Moreover, the scathing report by the independent Inspector general of the CIA’s miserable performance under Tenet was deep-sixed, and, unlike virtually all other IG reports of its kind, it was never made public. Tenet-friendly sources inside the CIA complained that it was too "negative." Logical minds outside the CIA might conclude that Tenet’s CIA was grossly incompetent. But we will never know. The IG report is a "state secret."
Most Americans, when they commit a crime, cannot insist that their prosecution might reveal "state secrets," and thus, on the power of their "personal declaration" alone, dismiss the proceedings with the back of their hand. No, they must persuade twelve strong men and true of their case. But it is increasingly apparent that the disastrously incompetent and increasingly powerful executive branch of the U.S. government can do just that — in fact, it just did.
Well, as Lenin used to say, what is to be done?
Clearly a higher court could demand and end to the "state secrets" charade. But Chief Justice Roberts is undoubtedly well aware that President Lincoln once issued an arrest warrant for Chief Justice Roger B. Taney. And the neocon peanut gallery has taken every possible occasion to assure President Bush that he is the resurrection of Lincoln. After all, under Lincoln,
Without the sanction of law the federal government arrested men by the thousands and confined them in military prisons. The number of such executive arrests was certainly over 13,000, and it has been estimated to have been as high as 38,000 (Columbia Law Review, XXI, 527—28, 1921). This policy was bitterly criticized in some quarters, but it is generally assumed that the people as a whole supported the arrest policy.
Well, if the Court doesn’t act, the Congress can. But will it? After all, the Congress has been cowering at the prospect of a constitutional confrontation with Bush for over five years, and there is no sign that it will change now, just because the chairs have been rearranged. After all, President Bush’s "signing statements" have asserted that the Congress is essentially irrelevant, and President Hillary Clinton-Rodham will undoubtedly follow suit after January 20, 2009.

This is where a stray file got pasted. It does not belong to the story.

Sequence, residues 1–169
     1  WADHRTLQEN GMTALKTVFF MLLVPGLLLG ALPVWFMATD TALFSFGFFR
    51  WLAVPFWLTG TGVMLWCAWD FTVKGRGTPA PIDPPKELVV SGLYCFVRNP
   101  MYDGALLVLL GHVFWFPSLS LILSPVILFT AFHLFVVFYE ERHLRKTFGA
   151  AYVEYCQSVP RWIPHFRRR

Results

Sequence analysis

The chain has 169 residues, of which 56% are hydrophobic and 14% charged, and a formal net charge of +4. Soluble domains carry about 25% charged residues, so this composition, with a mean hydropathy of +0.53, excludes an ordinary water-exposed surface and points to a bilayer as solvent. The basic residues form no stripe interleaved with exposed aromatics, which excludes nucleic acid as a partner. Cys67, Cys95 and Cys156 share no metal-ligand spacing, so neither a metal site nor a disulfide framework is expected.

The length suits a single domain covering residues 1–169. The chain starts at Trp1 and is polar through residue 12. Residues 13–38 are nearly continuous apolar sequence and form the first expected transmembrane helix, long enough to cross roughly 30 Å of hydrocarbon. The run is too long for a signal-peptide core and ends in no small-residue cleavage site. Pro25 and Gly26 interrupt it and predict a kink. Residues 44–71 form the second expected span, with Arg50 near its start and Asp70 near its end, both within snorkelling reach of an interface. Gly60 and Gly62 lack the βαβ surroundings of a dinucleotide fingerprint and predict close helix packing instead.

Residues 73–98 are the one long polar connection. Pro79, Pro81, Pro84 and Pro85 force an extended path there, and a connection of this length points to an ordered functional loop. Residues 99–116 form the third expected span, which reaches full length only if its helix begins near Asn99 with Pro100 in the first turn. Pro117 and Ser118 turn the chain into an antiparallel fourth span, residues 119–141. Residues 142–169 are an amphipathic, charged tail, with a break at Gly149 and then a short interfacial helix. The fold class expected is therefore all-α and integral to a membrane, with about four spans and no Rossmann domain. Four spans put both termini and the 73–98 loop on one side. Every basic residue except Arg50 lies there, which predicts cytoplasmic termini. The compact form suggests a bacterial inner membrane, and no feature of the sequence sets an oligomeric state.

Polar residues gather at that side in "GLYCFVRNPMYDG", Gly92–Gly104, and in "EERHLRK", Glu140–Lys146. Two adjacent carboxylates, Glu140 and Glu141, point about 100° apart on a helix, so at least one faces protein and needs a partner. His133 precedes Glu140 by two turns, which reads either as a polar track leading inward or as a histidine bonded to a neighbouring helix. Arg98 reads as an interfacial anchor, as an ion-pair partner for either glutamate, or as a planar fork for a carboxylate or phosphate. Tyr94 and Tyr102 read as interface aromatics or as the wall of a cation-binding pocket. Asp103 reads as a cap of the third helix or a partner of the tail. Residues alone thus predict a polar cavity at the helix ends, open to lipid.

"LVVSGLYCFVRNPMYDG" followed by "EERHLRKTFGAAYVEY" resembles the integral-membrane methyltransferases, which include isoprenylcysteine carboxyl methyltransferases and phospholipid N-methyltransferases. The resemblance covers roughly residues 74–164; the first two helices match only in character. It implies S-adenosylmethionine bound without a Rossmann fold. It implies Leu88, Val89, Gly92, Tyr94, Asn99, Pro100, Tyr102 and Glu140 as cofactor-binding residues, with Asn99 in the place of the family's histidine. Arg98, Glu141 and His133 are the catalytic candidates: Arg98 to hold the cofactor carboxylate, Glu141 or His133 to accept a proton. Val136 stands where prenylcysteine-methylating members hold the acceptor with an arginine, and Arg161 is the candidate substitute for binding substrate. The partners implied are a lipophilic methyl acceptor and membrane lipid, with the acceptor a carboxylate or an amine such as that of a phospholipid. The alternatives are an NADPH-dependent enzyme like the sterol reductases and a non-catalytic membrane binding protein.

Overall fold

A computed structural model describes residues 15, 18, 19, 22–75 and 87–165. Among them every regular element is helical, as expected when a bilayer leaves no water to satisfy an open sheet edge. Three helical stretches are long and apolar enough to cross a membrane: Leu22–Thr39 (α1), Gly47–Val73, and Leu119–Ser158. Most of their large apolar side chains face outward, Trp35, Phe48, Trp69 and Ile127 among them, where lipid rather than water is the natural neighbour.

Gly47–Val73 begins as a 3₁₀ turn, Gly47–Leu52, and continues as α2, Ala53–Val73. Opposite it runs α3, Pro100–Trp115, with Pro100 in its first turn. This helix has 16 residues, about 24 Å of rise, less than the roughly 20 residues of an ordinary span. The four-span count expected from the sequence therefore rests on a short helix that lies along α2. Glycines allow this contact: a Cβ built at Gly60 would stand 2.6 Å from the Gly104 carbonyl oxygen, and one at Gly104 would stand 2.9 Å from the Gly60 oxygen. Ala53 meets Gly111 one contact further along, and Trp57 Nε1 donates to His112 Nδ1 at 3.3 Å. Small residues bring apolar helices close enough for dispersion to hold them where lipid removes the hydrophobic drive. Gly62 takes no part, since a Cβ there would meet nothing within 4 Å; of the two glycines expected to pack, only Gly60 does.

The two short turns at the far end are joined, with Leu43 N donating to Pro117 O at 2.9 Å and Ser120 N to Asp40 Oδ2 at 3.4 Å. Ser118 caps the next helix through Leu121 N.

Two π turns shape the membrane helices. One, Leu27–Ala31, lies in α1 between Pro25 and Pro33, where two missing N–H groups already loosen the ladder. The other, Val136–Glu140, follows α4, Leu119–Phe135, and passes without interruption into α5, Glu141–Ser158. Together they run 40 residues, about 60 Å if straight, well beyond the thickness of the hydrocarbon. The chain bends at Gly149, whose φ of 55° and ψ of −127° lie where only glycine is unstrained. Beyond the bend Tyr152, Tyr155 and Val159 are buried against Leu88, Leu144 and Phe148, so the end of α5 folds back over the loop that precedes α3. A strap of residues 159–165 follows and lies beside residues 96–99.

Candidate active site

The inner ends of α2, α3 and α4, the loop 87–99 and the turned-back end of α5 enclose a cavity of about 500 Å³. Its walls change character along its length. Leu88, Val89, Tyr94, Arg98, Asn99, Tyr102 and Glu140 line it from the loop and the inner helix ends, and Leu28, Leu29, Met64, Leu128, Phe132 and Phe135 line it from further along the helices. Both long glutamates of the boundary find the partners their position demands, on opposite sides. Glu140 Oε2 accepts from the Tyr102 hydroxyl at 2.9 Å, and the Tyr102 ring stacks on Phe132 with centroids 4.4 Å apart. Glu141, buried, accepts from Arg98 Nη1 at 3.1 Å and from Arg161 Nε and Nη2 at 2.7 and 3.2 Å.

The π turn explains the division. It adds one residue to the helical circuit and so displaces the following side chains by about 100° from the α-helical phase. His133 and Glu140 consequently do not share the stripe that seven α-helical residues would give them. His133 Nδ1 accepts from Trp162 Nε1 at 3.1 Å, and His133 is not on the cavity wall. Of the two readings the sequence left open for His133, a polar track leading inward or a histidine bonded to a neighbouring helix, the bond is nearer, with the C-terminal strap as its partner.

So "what is to be done" boils down to, "what shall we do." And for that, I offer no better a role model than the incredibly admirable Richard Wurmbrand.
My father introduced me to Pastor Wurmbrand forty years ago, shortly after he was released from prison in Communist Romania. Why was he in prison? Because the secret police had arrested him. Romania had been delivered under the Communist boot by President Franklin D. Roosevelt in his negotiations with his good friend, "Uncle Joe" Stalin, at Yalta. As a result, 100 million Christians, including the Wurmbrands, were handed over to Communist dictators, with the full faith and credit of the United States government.
According to Persecution.com, in 1945
Richard and Sabina Wurmbrand attended the Congress of Cults organized by the [new] Romanian Communist government. Many religious leaders came forward to praise Communism and to swear loyalty to the new regime. Sabina said, "Richard, stand up and wash away this shame from the face of Christ." Richard warned, "If I do so, you’ll lose your husband." She replied, "I don’t wish to have a coward as a husband." Thus Richard declared to the 4,000 delegates, whose speeches were broadcast to the whole nation, that their duty is to glorify God and Christ alone.
Romania’s Communist government jailed and tortured Wurmbrand for a total of 13 years. His wife was also jailed — and was then told that her husband had died in prison. Finally, "in December 1965, the Norwegian Mission to the Jews and the Hebrew Christian Alliance paid $10,000 in ransom to the Communist government to allow the Wurmbrand family to leave Romania [Wurmbrand was a convert from Judaism]."
When Pastor Wurmbrand appeared on "The Manion Forum," my father’s television program, he stood in front of the cameras and stripped off his shirt to show countless scars, the result of his torture in captivity, to the audience. It was an unforgettable moment.
23 years later, on Christmas day 1989, Nicolae Ceauşescu, the Communist dictator of Romania, and his wife Elena, the regime’s chief torturer, were executed by a firing squad. Ceauşescu sang the "Internationale" and proclaimed that history would vindicate him. Elena Ceauşescu "told everybody to go to hell." There were no apologies, only contempt for their executioners. On the way to her execution, Elena told her ungrateful captors, "I have been like a mother to you."
(Author’s note: the Romanian national secret police were called the Securitate, Romanian for "security." Undoubtedly they conducted their kidnappings and killings to protect "national security." The Wurmbrands returned to Romania in 1990. Sabina Wurmbrand died in 2000, and Pastor Richard Wurmbrand died in 2001).